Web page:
Heroin is widely believed to be one of the most destructive substances in the world. Produced from the poppy plant, heroin is a semi-synthetic form of morphine that is estimated to be one of the most addictive substances ever created. What is most ironic about heroin is that it was first created as a treatment for morphine addiction. However, they soon realized that not only is heroin even more addictive than morphine, but heroin addiction is very difficult to treat and is often associated with severe and painful withdrawal symptoms.
One of the main reasons why heroin is so addictive is because of the way it’s administered. This is because heroin is traditionally injected intravenously into the blood stream. This gives users the most powerful high, and also the most addictive one. The process of injecting heroin also makes it much more dangerous than any other drug. This is because injecting heroin comes with an increased risk of infection, damage to the veins, and overdose. While a mistake of a few milligrams in an oral dose won’t make much of a difference, the same mistake taken intravenously could be life threatening.
Prolonged use of heroin often leads to addiction and physical and psychological dependence. It is said that a physical addiction to heroin can occur in as little as three doses, but a physiological addiction can be developed after the very first time. Once the physical addiction has set in it is very likely that the individual will start to develop a dependency and some type of heroin withdrawal symptom is likely to set in. These can include:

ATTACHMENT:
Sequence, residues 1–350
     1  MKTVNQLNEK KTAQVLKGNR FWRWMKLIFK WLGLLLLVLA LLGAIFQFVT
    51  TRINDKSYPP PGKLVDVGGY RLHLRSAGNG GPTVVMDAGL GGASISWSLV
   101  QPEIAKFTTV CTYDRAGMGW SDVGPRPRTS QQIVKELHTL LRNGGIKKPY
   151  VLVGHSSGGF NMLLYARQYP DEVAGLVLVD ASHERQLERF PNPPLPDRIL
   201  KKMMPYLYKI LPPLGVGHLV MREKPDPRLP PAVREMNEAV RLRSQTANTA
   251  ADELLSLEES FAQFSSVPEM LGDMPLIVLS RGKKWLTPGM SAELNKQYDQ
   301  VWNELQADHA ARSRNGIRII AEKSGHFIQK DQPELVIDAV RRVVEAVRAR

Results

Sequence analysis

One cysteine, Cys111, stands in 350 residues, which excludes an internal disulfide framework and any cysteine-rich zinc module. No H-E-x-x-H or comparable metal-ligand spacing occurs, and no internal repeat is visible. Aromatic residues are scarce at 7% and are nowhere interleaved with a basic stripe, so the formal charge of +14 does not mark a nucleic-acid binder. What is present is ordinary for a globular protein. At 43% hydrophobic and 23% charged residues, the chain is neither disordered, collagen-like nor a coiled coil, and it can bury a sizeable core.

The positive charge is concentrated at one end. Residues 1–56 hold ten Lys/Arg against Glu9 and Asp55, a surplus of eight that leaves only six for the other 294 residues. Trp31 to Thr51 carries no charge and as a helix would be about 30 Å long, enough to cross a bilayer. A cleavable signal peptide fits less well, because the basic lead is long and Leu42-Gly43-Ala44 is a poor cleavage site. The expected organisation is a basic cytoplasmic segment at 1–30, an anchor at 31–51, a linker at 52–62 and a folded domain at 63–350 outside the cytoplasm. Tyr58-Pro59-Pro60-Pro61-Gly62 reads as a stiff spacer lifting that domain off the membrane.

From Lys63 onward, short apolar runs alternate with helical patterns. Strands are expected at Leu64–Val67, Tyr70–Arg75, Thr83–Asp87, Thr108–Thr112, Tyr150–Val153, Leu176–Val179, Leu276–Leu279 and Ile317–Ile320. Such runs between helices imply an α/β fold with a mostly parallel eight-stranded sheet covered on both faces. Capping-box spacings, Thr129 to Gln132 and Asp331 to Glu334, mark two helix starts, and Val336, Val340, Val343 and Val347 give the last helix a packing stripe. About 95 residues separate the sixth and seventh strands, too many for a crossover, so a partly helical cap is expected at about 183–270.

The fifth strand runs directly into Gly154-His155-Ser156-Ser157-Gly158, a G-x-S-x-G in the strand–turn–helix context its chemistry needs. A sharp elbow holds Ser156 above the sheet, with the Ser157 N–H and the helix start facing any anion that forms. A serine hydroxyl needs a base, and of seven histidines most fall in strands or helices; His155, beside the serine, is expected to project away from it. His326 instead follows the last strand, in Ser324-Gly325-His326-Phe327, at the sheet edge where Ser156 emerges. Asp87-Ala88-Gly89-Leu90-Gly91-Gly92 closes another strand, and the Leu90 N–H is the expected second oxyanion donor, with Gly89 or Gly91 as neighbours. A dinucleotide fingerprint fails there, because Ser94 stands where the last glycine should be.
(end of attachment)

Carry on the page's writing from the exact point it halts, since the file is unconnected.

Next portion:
- Irresistible cravings
- Excessive Yawning
- Flu-like symptoms
Heroin withdrawal symptoms can even be so severe that the individual will continue using the drug for years just to avoid these painful side effects. While heroin withdrawal symptoms are rarely life threatening, they can be dangerous to someone already in poor health or with a compromised immune system.
Heroin and Suboxone
Because heroin withdrawal symptoms can be so difficult to overcome, doctors have created a drug called suboxone to help users cope with these terrible symptoms. Suboxone is an opiate withdrawal pain medication that is used for the treatment of opiate withdrawal symptoms. Suboxone works by stimulating the same receptors in the brain that heroin does, thus giving the patient the relief they need to continue their treatment. Suboxone is generally the first step in a long heroin detox and recovery program that also includes one on one addiction counseling, group therapy, and sober living arrangements. If you or someone you love is addicted to heroin do not hesitate to contact a suboxone doctor today for more information on this cutting edge heroin withdrawal treatment.